"What happened to my brother, Doctor Watson?", Mycroft asked again, when the first question had failed to elicit any response from the man in front of him.
John kept looking at his feet. Forcing himself to find interesting the colour and shape of his shoes, the creases in their leather, their laces. It helped him to focus on something else, helped him in his effort to stay schooled in calmness. Because he knew what the straightforward answer to Mycroft's question would be. It was only three words, after all. He knew the medical answer too. Hated every word of it, because he had given it too many times already: during the ambulance call, to the paramedics’ team, to the surgeons, the nurse, a doctor. Each time, each explanation, only made what the words truly meant more real. Until it was tangible, a stone in his stomach, a fist around his own heart.
Because he knew the other answer too. The one that was not straightforward. The one that was eating him up alive, the one blazing in Mycroft's otherwise icy eyes: 'Where were you?'
"I can't-" John wanted to believe he was not faint-hearted. After all, he had seen men being maimed, slaughtered, fallen men begging for his help with bulging eyes, amidst gunfire. And he had clenched his jaw and balled his fists and faced it. But he cowered now, in the face of this single truth. His inadequacy.
I left him alone. I left him.
Mycroft tensed: John could see it in the way he planted his feet squarely on the white-tiled floor, and yet was restless on them. "I will not ask again". The straining patience of his tone was in itself a threat.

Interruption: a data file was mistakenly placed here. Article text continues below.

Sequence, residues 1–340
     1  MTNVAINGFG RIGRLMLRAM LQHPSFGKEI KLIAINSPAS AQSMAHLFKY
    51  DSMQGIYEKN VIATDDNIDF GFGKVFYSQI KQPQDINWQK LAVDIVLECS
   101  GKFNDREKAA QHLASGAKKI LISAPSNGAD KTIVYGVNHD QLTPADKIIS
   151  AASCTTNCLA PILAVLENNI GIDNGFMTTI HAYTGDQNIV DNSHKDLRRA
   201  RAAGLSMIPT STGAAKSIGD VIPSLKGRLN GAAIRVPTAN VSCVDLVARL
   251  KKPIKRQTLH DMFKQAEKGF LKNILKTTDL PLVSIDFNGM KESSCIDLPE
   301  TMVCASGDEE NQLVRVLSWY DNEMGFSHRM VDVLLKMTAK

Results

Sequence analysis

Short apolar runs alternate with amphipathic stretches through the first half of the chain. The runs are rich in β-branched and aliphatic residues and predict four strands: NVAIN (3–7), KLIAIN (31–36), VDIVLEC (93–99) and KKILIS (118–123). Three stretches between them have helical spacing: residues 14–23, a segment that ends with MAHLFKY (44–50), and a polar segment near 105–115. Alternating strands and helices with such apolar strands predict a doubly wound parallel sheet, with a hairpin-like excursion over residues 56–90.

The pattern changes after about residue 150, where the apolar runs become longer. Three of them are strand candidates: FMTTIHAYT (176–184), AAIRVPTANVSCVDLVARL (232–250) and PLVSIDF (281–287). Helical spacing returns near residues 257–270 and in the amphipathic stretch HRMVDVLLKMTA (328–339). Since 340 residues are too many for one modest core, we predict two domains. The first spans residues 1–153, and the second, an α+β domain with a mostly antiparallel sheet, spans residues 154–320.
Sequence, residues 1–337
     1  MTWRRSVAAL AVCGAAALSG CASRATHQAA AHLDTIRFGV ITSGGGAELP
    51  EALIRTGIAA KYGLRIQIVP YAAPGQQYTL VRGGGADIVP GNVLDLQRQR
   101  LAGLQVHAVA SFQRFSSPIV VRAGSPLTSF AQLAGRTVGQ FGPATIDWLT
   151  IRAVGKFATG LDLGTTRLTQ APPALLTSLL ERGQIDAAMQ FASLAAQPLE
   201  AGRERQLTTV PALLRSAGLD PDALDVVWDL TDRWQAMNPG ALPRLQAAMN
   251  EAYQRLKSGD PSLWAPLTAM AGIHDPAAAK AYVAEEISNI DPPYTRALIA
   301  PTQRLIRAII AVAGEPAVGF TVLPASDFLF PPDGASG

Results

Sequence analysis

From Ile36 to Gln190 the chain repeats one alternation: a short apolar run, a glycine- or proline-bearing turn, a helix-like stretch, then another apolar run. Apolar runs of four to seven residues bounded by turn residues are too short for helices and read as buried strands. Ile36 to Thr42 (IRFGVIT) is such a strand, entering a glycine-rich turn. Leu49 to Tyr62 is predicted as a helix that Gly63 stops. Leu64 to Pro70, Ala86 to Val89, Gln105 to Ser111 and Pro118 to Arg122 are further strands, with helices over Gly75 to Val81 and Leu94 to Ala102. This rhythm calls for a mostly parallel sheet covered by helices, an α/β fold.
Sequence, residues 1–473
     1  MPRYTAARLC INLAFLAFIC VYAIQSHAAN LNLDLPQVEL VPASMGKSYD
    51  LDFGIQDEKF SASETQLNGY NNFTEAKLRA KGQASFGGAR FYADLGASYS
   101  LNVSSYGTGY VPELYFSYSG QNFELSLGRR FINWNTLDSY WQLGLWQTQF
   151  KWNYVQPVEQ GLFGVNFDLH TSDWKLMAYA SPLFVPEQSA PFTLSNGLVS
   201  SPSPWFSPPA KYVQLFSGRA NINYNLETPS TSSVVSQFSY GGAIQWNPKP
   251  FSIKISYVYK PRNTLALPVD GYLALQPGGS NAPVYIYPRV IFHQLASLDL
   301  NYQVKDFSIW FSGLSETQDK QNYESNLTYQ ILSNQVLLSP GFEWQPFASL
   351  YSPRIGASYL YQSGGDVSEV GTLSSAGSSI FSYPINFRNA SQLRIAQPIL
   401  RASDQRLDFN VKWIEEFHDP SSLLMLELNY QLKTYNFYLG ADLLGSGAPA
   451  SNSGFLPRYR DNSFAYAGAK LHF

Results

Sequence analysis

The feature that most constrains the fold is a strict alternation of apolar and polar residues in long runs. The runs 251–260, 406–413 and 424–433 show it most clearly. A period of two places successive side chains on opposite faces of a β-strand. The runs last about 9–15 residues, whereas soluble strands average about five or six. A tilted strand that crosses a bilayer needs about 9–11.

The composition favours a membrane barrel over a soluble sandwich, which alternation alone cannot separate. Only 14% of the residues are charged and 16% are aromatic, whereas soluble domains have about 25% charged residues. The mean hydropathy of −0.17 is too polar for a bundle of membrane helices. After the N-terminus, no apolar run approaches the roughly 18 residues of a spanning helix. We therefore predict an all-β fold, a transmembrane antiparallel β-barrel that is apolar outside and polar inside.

John felt angry with him then. Angry that he was right, and that he was entitled to be, that he was entitled to his fear, and his frustration, and his anger, where John was not.
John himself had lost that right, that entitlement: to worry, to fear, to be angry, and to feel he had someone to share these feelings in way of the solemn, silent support of people with a struggling loved one in the ICU uniting them. Mycroft now, and later Mrs. Hudson, Lestrade, even Molly: they would all be a unit, a front, against him. Against the man who bore the blame. Who had made the wrong choice.
I left him.
And yet his face twisted into a nasty grimace, pulling the edges of his lips low.
He could feel the gaze of the older Holmes on him. So like that of his brother, and yet so much more unwavering, calculating, in a different way. Sherlock Holmes read all about you. Mycroft Holmes read all about you, while never hiding that he would use it as best suited him, and just how little that would bother him. Sherlock finding strengths, truths, lies, weaknesses could never completely lose the pompous flair and childish twinkle of a game. But Mycroft doing the same... John's neck crawled with the feeling that if skinning him alive would give him the answers he sought, Mycroft would have already had it done. So when he sighed a restrained, long, slow breath, John braced. Maybe some part of him wanted the scornful words that were about to be aimed at him, in fact. Deserved them.